The third annual Undergraduate Research Fair is a chance for students to get a glimpse of research opportunities at Augusta University and to learn tips for research success.
The event will be hosted from 11 a.m. to 3 p.m. Wednesday, Nov. 10 at the Jaguar Student Activities Center Coffeehouse. Several sessions on various topics will be offered, along with a chance to meet faculty mentors looking for student researchers.
The fair is broken into segments where undergraduates can get both faculty and student viewpoints on what is to be expected from student researchers. There will also be a meet and greet, where the setting is less formal.
“I think the Undergraduate Research Fair is one of the best things they do on campus in order to try to get undergraduates involved in some type of creative activity,” said Dr. Jessica Reichmuth, associate professor in the Department of Biological Sciences in the College of Science and Mathematics.
Hisham Kashif, a student in the BS/MD track of the Professional Scholars Program, has attended the research fair in the past. He said talking with peers at the fair was most beneficial to him.
“What I found is mostly with undergrads, it’s not necessarily explaining your research; we’re also talking about the process of getting into research, the process of reaching out to people and what you do once you get into the lab,” said Kashif.
Kashif said fellow students were able to give him a better idea of the steps they went through and he could learn from their success and mistakes.
“It’s just a way to introduce students who don’t know about research to our fair and be able to show them some of the resources we offer, the services, the workshops, kind of the first step for students,” said Melissa Knapp, coordinator for the Center for Undergraduate Research and Scholarship.
One misconception some students have when they hear the word “research” is that it’s exclusively for medical or science fields. But research is necessary in every field of study.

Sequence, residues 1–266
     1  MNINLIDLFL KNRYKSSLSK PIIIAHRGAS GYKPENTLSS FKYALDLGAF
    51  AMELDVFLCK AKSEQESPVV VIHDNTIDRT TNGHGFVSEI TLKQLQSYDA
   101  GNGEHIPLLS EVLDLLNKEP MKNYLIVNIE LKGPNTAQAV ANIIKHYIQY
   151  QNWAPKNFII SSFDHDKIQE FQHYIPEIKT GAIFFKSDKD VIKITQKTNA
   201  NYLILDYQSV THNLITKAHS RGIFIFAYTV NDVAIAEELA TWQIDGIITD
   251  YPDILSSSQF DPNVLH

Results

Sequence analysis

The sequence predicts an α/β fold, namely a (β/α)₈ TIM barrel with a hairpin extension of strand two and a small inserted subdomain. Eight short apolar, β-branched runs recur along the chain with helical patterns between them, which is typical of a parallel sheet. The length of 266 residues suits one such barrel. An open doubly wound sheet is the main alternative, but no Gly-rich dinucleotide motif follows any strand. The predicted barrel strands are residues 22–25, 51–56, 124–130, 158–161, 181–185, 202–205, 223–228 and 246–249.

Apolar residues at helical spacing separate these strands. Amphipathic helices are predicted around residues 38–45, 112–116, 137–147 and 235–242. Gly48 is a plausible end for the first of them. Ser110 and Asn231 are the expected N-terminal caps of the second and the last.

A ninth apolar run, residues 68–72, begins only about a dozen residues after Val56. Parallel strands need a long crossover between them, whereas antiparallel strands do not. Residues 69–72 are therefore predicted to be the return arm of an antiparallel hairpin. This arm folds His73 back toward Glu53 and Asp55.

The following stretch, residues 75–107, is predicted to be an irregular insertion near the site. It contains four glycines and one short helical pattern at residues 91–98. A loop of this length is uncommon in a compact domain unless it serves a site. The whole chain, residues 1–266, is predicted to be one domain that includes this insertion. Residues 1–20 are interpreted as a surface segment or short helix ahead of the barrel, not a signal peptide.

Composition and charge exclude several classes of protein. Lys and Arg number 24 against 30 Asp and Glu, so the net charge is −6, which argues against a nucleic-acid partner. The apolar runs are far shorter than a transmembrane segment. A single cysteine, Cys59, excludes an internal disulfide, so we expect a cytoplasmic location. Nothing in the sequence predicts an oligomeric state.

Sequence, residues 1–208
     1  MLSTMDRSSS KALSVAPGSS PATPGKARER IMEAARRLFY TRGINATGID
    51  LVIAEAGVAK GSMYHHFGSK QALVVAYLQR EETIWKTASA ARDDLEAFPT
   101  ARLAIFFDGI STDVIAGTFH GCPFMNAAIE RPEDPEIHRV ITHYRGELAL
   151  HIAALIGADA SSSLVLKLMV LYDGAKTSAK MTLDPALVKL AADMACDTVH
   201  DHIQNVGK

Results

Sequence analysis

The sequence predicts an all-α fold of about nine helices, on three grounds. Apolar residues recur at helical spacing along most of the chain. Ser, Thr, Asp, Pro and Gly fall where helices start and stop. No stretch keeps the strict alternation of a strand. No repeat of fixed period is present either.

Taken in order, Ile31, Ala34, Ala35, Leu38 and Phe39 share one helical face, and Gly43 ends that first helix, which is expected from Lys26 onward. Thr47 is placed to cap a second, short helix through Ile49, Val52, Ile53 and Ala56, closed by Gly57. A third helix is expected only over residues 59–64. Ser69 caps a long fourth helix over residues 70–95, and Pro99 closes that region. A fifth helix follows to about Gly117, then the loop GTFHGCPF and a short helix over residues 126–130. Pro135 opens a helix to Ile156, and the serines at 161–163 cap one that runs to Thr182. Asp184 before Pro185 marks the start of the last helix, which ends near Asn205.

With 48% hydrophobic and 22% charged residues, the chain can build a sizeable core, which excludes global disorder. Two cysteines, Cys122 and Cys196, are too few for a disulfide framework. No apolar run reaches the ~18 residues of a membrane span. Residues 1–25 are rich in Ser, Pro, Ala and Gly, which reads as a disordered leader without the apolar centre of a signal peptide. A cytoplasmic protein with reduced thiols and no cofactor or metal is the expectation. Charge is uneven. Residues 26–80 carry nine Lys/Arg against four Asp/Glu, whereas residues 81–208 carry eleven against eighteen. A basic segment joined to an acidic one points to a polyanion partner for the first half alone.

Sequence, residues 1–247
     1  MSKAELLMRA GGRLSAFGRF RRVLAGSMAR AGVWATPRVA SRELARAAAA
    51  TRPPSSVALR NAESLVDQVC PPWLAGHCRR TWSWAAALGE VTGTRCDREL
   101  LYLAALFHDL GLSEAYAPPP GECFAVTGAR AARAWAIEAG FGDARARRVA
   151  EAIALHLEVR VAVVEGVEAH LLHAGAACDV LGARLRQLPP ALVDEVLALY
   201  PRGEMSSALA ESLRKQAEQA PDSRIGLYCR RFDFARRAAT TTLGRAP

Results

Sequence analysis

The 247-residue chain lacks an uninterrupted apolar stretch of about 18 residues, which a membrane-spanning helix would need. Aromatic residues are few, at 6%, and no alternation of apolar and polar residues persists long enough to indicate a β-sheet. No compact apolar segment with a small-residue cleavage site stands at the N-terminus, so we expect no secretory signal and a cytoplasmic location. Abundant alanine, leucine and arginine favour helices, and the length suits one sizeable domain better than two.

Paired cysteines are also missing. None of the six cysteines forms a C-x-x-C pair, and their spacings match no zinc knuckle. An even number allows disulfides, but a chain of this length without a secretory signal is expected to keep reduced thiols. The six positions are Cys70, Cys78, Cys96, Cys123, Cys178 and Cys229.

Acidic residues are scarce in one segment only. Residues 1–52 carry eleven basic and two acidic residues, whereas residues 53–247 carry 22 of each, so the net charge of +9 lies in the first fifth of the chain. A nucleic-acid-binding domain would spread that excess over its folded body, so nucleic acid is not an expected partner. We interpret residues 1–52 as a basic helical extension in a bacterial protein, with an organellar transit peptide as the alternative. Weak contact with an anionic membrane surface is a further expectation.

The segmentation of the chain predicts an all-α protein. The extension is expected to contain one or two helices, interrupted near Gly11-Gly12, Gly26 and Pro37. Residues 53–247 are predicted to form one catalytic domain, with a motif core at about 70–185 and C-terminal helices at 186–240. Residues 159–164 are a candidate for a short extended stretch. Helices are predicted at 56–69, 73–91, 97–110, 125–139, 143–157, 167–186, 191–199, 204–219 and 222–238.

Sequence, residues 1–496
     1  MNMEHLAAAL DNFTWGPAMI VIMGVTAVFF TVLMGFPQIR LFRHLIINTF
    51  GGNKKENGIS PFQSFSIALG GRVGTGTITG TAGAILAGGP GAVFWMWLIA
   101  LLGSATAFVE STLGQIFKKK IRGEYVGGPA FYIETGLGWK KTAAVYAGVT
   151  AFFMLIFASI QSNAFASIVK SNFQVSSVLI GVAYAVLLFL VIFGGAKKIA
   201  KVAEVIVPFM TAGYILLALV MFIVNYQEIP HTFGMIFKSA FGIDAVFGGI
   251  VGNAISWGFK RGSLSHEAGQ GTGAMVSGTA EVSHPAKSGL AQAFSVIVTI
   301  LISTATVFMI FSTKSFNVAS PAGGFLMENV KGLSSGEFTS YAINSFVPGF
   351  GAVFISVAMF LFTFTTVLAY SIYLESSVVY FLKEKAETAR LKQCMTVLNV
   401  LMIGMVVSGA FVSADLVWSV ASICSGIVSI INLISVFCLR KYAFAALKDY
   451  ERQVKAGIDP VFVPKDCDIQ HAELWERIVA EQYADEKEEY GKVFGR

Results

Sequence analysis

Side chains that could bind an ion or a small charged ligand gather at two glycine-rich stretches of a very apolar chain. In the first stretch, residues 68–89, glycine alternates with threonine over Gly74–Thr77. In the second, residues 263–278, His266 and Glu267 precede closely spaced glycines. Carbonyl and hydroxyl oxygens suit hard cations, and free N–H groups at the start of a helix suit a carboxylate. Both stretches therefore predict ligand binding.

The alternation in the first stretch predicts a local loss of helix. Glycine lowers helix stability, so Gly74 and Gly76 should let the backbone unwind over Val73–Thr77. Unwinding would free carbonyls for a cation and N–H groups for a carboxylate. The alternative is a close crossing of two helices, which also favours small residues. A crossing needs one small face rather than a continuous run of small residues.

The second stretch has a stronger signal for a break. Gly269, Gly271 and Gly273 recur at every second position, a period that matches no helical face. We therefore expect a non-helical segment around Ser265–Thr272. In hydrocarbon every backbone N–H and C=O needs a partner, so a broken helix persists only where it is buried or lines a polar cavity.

“People get intimidated by that concept, but what you have to realize is that you have a lot of non-stimulated research. You can go into business or liberal arts and do research projects there,” said Kashif. “Even if you are a science major, you can go in and do research on history or some sort of global health issue. You don’t necessarily have go into a lab.”
The fair is open to all students, and Knapp said even first-year students should take advantage. It can give them the road map to what lies ahead in finding research projects.
“For students, if they’re just thinking about research, this is a good safe place to explore,” said Knapp.
For students who complete undergraduate research, it can help them get a leg up when moving into professional life.
“I think the coolest thing here is that while a lot of students think they have to go to four years and to grad school, or beyond, we do have a lot of students who have graduated with a bachelor’s degree that have had undergraduate research experience and have gone to work for state, regional and federal entities,” said Reichmuth.
“I have a student who volunteered for a project, and he worked for the U.S. Geological Survey in Atlanta, just with a bachelor’s. I have a student who is working as a subcontractor with just her bachelor’s and working as an ecologist with the Georgia Department of Transportation.”